Oluwatobi Amusan made history by becoming Nigeria’s first gold medalist at the World Athletics Championships.
Her performance came 90 minutes after she set a record time of 12.12 seconds in the semifinals, beating American Kendra Harrison’s record of 12.20, who finished second behind Amusan.
Amusan finished the final in 12.06 seconds, which would have broken her new world record, but her record was overturned due to wind speeds exceeding the legal limit.
“The goal was to go out and win this gold medal,” said the 25-year-old.
Recovering from a slightly slower start, she put on a captivating performance to finish ahead of Jamaican silver medalist Britany Anderson.
Puerto Rico’s Olympic champion Camacho-Quinn took home the bronze medal in her first World Championships.
Amusan broke the game record twice in 2019 in Rabat, Morocco. She ran 12.69 seconds to win her run in the semifinals before running a hundredth of a second faster in the finals to win gold at the African Games.
Next up was the 12.68 seconds, which Alozie ran twice to win a silver medal at the 2000 Olympics in Sydney, Australia, making her the fastest Nigerian woman in the quadrennial event’s history.
Amusan surpassed that at Tokyo 2021 with her 12.60-second performance that earned her a fourth place finish in the event.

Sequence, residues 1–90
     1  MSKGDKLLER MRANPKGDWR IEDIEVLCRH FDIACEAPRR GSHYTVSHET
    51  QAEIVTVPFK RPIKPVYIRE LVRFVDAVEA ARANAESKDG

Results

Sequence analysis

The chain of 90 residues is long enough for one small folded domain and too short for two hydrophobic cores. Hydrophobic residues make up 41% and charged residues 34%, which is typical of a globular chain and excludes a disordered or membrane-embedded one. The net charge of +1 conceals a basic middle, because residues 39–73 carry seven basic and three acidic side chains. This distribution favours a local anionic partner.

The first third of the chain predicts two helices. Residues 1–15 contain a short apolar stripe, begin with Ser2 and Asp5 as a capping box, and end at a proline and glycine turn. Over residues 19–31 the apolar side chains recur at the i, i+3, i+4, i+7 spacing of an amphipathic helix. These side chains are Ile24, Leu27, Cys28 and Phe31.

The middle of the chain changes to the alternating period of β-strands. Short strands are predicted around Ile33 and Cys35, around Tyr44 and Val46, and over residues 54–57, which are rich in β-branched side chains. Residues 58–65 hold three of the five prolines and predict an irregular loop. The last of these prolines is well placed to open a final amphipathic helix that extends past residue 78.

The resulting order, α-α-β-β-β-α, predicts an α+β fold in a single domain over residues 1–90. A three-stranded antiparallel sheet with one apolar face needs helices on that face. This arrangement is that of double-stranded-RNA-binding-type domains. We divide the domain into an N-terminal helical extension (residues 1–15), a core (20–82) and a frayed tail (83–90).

The reigning Commonwealth Games champion also made history with the 12.44 seconds that Alozie ran in the 1998 Monaco Diamond League.
The time, which also doubled as an African record at the time, was the fastest by any Nigerian in the event’s history until Amusan ran 12.42 seconds to complete a triple in September 2021.
Former world record holder, American Kendra Harrison, who has held the record since 2016, was disqualified.
The Nigerian athlete showed great determination to end Nigeria’s medal drought at the World Championships after failing to achieve anything in the semi-finals, just a day after beating the African record in the opening heats.
It was an emotional moment for Amusan on the podium as she sang the Nigerian national anthem.
This was the first time the Nigerian national anthem had been played in a senior league since 2000.
Standing on the podium, she received her check for $100,000 for her efforts to break a world record.